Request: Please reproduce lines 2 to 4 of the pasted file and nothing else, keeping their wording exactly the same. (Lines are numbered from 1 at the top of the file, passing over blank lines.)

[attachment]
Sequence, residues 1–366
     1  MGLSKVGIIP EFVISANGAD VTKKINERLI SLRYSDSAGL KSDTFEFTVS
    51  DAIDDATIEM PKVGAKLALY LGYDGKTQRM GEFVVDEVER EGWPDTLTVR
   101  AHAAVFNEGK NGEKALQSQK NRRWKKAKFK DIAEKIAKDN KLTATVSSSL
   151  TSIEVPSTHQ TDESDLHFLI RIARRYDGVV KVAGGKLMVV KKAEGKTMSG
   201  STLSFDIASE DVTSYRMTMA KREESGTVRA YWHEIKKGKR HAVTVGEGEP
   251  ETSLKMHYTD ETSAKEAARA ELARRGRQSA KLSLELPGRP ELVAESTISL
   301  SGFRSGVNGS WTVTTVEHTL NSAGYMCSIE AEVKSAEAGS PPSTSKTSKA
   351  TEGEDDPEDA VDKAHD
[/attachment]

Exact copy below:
     1  MGLSKVGIIP EFVISANGAD VTKKINERLI SLRYSDSAGL KSDTFEFTVS
    51  DAIDDATIEM PKVGAKLALY LGYDGKTQRM GEFVVDEVER EGWPDTLTVR
   101  AHAAVFNEGK NGEKALQSQK NRRWKKAKFK DIAEKIAKDN KLTATVSSSL